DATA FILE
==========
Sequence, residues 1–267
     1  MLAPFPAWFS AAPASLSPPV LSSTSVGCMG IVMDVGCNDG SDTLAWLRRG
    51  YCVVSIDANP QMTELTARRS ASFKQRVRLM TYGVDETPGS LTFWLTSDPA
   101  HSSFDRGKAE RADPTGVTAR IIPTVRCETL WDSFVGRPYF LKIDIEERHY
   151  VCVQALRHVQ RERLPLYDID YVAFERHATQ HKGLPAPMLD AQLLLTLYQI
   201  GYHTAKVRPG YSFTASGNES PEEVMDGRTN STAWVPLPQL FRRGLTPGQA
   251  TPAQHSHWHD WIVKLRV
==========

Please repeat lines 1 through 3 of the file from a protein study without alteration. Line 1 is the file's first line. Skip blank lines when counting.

Sequence, residues 1–267
     1  MLAPFPAWFS AAPASLSPPV LSSTSVGCMG IVMDVGCNDG SDTLAWLRRG
    51  YCVVSIDANP QMTELTARRS ASFKQRVRLM TYGVDETPGS LTFWLTSDPA